Send to

Choose Destination
See comment in PubMed Commons below
Anesthesiology. 1989 Jun;70(6):928-34.

Absorption characteristics of transdermally administered fentanyl.

Author information

Department of Anesthesia, Stanford University School of Medicine, California.


Fentanyl was administered intravenously and transdermally to eight surgical patients to determine the systemic bioavailability and rate of absorption of the transdermally administered drug. Serum fentanyl concentrations reached a plateau approximately 14 h after placement of the transdermal fentanyl delivery system. This plateau was maintained until removal of the system at 24 h. The decline in serum fentanyl concentrations after removal of the transdermal system had a terminal half-life of 17.0 +/- 2.3 h (mean +/- SD), considerably longer than the terminal elimination half-life seen after intravenous administration of fentanyl in the same patients (6.1 +/- 2.0 h). The rate of fentanyl absorption, predicted to be 100 micrograms/h from in vitro data, appeared to be relatively constant during a period starting 4-8 h after placement of the transdermal system until removal of the system at 24 h. The rate of absorption during this period was 91.7 +/- 25.7 micrograms/h. After removal of the transdermal fentanyl delivery system, absorption continued at a declining rate. This indicates that the long terminal half-life of serum fentanyl concentrations after transdermal system removal is due to continued slow absorption of fentanyl, probably from a cutaneous depot of drug at the site of prior transdermal system placement. At the time of removal of the transdermal fentanyl system, 1.07 +/- 0.43 mg of drug remained in this depot. Systemic fentanyl bioavailability was found to be 0.92 +/- 0.33, with no evidence of significant cutaneous metabolism or degradation by the skin's bacterial flora. The transdermal administration of fentanyl produces relatively constant serum fentanyl concentrations for significant periods of time in the postsurgical patient requiring analgesic therapy.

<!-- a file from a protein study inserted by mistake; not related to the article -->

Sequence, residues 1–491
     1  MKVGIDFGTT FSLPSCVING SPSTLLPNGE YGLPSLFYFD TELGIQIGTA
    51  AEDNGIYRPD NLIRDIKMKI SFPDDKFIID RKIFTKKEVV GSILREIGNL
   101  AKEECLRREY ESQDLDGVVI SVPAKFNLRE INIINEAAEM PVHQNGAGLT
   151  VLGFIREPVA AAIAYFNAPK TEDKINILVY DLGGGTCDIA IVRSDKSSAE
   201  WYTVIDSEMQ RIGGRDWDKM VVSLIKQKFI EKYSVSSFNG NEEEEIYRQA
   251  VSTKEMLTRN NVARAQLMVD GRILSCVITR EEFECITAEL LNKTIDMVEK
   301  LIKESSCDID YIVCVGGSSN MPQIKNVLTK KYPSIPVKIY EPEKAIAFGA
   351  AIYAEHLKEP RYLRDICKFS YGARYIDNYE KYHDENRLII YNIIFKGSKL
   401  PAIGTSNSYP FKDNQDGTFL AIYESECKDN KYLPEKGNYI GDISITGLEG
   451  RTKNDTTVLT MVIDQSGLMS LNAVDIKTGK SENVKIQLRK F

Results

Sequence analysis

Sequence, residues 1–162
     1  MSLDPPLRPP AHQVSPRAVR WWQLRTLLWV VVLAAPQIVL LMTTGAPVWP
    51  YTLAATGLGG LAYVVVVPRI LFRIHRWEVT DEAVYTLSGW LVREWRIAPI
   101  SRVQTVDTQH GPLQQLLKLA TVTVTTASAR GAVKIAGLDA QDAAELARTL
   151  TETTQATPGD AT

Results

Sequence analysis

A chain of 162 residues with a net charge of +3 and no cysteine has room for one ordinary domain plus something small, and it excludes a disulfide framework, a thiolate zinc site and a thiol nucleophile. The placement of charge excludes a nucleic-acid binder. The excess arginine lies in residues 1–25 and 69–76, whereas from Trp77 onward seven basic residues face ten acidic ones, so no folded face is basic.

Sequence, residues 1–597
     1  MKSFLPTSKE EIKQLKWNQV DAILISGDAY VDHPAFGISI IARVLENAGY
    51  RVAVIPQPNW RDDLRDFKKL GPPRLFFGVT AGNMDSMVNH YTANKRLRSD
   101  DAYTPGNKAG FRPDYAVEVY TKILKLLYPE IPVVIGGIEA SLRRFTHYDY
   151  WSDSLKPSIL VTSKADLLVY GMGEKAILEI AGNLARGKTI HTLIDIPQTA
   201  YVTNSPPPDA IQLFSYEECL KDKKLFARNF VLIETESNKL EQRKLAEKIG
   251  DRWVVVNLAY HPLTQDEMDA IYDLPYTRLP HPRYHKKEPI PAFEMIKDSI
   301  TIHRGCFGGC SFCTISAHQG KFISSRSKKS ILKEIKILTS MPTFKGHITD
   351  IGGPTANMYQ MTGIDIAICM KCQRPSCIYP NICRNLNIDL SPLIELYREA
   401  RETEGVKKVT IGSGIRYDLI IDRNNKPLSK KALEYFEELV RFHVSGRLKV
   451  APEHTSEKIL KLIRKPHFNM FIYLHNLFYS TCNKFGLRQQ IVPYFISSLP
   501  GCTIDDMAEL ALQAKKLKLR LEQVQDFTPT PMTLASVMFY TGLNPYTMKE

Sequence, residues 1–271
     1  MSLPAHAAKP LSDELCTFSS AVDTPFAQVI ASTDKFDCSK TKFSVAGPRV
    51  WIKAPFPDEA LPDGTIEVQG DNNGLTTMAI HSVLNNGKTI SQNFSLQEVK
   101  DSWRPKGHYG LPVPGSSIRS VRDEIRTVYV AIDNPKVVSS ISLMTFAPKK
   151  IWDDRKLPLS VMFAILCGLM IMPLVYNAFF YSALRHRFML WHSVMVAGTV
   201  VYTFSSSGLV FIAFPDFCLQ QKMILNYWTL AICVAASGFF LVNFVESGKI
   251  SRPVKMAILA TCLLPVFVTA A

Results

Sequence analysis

[Indexed for MEDLINE]
PubMed Commons home

PubMed Commons

How to join PubMed Commons

    Supplemental Content

    Full text links

    Icon for Silverchair Information Systems
    Loading ...
    Support Center